A Cabinet of Roman Curiosities: Strange Tales and Surprising Facts from the World's Greatest Empire

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Oxford University Press, Jun 1, 2010 - History - 272 pages
2 Reviews
Here is a whimsical and captivating collection of odd facts, strange beliefs, outlandish opinions, and other highly amusing trivia of the ancient Romans. We tend to think of the Romans as a pragmatic people with a ruthlessly efficient army, an exemplary legal system, and a precise and elegant language. A Cabinet of Roman Curiosities shows that the Romans were equally capable of bizarre superstitions, logic-defying customs, and often hilariously derisive views of their fellow Romans and non-Romans. Classicist J. C. McKeown has organized the entries in this entertaining volume around major themes--The Army, Women, Religion and Superstition, Family Life, Medicine, Slaves, Spectacles--allowing for quick browsing or more deliberate consumption. Among the book's many gems are:
? Romans on urban living: The satirist Juvenal lists "fires, falling buildings, and poets reciting in August as hazards to life in Rome."
? On enhanced interrogation: "If we are obliged to take evidence from an arena-fighter or some other such person, his testimony is not to be believed unless given under torture." (Justinian)
? On dreams: Dreaming of eating books "foretells advantage to teachers, lecturers, and anyone who earns his livelihood from books, but for everyone else it means sudden death"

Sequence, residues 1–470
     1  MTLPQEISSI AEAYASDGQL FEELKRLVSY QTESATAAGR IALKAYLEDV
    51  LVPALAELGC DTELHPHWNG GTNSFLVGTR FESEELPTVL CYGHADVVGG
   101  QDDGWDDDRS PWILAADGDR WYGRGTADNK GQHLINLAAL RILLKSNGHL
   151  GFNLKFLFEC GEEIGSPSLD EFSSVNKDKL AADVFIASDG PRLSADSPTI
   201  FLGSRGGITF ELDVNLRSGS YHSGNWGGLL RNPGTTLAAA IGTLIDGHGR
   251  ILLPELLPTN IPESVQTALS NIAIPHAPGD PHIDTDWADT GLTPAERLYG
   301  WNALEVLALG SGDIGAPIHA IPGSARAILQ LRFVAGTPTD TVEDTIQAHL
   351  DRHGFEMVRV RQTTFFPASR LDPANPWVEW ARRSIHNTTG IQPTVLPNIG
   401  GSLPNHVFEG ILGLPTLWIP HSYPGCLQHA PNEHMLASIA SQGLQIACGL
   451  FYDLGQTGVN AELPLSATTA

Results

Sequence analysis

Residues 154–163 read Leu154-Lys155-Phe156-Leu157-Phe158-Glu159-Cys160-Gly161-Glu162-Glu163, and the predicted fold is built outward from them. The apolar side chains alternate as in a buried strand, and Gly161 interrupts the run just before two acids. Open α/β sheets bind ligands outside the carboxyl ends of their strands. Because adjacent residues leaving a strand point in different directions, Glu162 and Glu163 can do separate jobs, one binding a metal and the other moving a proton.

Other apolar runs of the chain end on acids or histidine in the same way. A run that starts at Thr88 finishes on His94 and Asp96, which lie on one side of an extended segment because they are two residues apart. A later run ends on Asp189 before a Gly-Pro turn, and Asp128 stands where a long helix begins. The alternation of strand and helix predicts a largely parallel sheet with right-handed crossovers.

? On food: "When people unwittingly eat human flesh, served by unscrupulous restaurant owners and other such people, the similarity to pork is often noted." (Galen)
? On marriage: In ancient Rome a marriage could be arranged even when the parties were absent, so long as they knew of the arrangement, "or agreed to it subsequently."
? On health care: Pliny caustically described medical bills as a "down payment on death," and Martial quipped that "Diaulus used to be a doctor, now he's a mortician. He does as a mortician what he did as a doctor." For anyone seeking an inglorious glimpse at the underside of the greatest empire in history, A Cabinet of Roman Curiosities offers endless delights.
 

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User Review  - RandyStafford - LibraryThing

Whether you're a fan of Barry Baldwin's "Classical Corner" column in the Fortean Times, a fan of the tv series Rome: The Complete Series, or already a Roman history buff but can't remember if it was ... Read full review

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User Review  - Unkletom - LibraryThing

'A Cabinet of Roman Curiosities' is a collection of miscellanea about the Roman Empire that is sorted into chapters by subject matter, covering everything from family life to kings and emperors. No ... Read full review

Contents

Family Life
1
Women
8
Names
16
Education
28
The Army
32
Romans at Sea
44
The Law
50
Farming
58
Spectacles
139
Food and Drink
150
Decadence
164
Buildings
171
Pompeii and Herculaneum
181
Toilets
185
Not for the Puritanical
193
Tempus Fugit
199

Medicine
64
Religion and Superstition
78
The Life of the Mind
92
Foreigners
100
Slaves
111
Animals
118
Kings Consuls and Emperors
203
GLOSSARY
233
THE COIN IMAGES
241
ILLUSTRATION CREDITS
243
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About the author (2010)

J. C. McKeown is Professor of Classics at the University of Wisconsin, Madison, and the author of Ovid's Amores.

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